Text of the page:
Saleh Al-Wanyan, imam of Muhammad Bin Abdul Wahab Mosque, raised the issue in a Friday sermon calling for citizens to be more open about the controversial and taboo subject. He also called on people to put an end to a so-called “culture of shame” by talking about these issues.
Scholars and literate people have long demanded the introduction of sex education into the curriculum. But conservative sections of society have always been vocal in their opposition to the initiative. Their opposition is given credence by their claims that the idea of sex education is alien to Saudi culture. They also claim that this issue violates the privacy of individuals and families.
Al-Wanyan’s call is supported by the Arab League, which too had urged a need for sex education in schools. Hady Al-Yami, lawyer and member of the Arab League’s human rights committee, said ignorance of sex could lead to abuse, as victims do not understand their rights to protect themselves or even complain. “Awareness of human rights should reach all society members, and for this to happen and also for the nationals and residents to understand their rights, there should be proper and clear channels to spread the concept, which should include sex education,” Al-Yami said.
The issue should be studied and reviewed before the introduction of sex education because there could be strong resistance from society, he added. “Saudi society is very sensitive about the issue of sex education because of traditions and customs. Our traditions picture the subject as something shameful, and in turn creates a very closed society,” said Al-Yami. He added that certain channels that could educate in an official capacity, such as the Education Ministry and its ancillary departments, should play a role in imparting this knowledge.
Ahmad Al-Hariri, psychotherapist and criminal psychologist, also stressed the importance of teaching sex to children because it would play an important part in protecting them from sexual abuse. He added that Islam is one of the first religions that introduced logical, objective and scientific sex information through the Qur’an and Sunnah. The lack of sex education, according to Al-Hariri, results in exposing victims to repeated abuse. The culture of shame adds pain to injury, as the victims either have to suffer silently or live in shame if the abuse is made public. “Violence breeds violence. It is not strange that victims of abuse, including sexual abuse, turn into abusers themselves,” said Al-Hariri, adding that most of the information on sex that teenagers receive is from wrong sources.
According to Dr. Maha Al-Munief, executive director of the National Family Safety Program (NFSP) and consultant pediatrician, 40 percent of schoolgirls from the age of 12 said that their knowledge of sex and other information is generally gained from maids and female school janitors. “Sex education is an effective evidence-based program that helps protect children from sexual abuse, molestation and assault,” said Al-Munief. “The NFSP has designed a program on 'body ownership', in which the organization teaches children how the body is owned by them and should not be used or abused or even touched by others in any way uncomfortable to them. “The American Academy for Pediatric Research proved that it is appropriate to teach sex to school children. It also said that to express discomfort is a right taught to young children under five years of age, even if non-sexual parts of the body are touched,” she said. “Yet it is important to impart suitable information according to age category,” said Al-Munief, explaining that some sex education lessons stress on avoiding strangers and this could lead to social phobias.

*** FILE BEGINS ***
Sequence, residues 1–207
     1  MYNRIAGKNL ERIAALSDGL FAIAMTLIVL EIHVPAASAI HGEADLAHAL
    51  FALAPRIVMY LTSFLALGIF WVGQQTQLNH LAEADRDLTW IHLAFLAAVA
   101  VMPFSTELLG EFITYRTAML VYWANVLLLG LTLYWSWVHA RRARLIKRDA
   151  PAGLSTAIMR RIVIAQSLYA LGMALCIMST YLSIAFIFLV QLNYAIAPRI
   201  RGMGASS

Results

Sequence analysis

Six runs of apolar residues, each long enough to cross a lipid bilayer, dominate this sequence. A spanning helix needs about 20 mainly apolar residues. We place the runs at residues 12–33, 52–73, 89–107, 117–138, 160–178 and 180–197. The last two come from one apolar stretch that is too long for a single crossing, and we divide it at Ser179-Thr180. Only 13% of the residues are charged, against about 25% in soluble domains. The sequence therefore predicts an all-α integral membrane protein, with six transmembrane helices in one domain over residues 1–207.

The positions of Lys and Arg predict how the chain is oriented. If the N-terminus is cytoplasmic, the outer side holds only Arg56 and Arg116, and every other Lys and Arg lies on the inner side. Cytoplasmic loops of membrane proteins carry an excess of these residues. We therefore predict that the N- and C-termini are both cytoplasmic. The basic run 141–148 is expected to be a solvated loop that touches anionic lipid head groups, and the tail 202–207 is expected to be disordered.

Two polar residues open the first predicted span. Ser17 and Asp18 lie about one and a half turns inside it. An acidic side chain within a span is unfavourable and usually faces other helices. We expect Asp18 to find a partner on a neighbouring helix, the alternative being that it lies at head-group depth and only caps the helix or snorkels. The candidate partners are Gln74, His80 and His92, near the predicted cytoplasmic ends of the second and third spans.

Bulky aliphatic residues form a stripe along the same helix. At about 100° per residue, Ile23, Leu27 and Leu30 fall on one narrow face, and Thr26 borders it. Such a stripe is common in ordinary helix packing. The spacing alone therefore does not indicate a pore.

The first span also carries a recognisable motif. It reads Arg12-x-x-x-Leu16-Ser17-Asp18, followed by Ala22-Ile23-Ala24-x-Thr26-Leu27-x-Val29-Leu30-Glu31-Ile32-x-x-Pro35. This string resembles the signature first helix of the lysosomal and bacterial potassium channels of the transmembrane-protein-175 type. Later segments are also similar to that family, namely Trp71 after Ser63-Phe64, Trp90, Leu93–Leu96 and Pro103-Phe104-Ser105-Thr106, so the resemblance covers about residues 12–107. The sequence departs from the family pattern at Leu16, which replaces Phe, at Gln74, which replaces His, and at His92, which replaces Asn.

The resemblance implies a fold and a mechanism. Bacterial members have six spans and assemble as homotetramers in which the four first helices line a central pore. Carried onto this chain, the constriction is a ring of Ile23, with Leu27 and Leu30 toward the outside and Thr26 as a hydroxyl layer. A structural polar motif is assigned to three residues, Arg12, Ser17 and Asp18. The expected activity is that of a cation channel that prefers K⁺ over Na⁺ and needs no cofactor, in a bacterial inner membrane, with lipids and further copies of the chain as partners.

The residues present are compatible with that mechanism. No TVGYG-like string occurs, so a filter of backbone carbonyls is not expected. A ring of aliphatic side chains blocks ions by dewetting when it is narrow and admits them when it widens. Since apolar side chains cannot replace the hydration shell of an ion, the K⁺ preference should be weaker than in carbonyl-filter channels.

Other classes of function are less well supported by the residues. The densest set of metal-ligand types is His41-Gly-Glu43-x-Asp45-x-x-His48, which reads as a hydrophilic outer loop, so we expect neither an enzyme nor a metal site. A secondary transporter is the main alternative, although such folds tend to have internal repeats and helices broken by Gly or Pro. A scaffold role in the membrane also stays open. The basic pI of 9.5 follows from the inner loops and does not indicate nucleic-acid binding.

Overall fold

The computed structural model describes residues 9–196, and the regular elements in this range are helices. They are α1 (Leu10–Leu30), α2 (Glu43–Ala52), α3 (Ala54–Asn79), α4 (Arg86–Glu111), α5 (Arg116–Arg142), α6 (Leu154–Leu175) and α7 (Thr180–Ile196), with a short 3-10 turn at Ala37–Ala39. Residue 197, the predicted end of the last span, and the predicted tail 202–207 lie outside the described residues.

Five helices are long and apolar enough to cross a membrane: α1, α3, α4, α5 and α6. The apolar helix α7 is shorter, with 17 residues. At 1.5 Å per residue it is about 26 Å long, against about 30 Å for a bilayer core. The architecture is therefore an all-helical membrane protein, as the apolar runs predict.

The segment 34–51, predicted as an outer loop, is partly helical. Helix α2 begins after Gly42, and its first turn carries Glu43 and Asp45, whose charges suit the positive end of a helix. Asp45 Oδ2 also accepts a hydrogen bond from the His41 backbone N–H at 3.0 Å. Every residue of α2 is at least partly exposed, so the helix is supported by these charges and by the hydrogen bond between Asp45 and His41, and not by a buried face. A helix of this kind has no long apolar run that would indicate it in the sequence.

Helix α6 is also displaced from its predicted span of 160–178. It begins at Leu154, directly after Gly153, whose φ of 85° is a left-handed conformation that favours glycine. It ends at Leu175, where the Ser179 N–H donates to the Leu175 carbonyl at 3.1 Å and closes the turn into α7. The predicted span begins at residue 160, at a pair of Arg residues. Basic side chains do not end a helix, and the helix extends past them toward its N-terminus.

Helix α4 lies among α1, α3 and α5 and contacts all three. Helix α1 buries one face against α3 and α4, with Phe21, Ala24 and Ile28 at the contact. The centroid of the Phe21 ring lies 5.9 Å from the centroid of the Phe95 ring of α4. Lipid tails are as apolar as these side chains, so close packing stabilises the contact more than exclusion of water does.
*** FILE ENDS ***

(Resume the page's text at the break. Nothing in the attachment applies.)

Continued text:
“Studies show that 70 percent of abuse come from relatives, friends and people known to the child, and therefore it is important to be transparent in offering sex education to young children according to their comprehension and understanding and at the same time build their awareness about all improper actions, even by close relatives,” Al-Munief said. She cited the example of the AIDS awareness campaign that succeeded in reaching children. “When we asked 12-year-old children on the cause of AIDS transmission, they knew that it was mainly through sexual relations,” said Al-Munief. “However, in the five to 12 age group, children have no sex orientation or interest and can be convinced with the simplest information — a plus and a minus at the same time.”
Al-Munief thus stressed the importance of sex education as an effective way to protect children and adolescents, especially if done through right channels. “Medical and psychological experts should be called in to assist in setting up the model for sex education,” she said.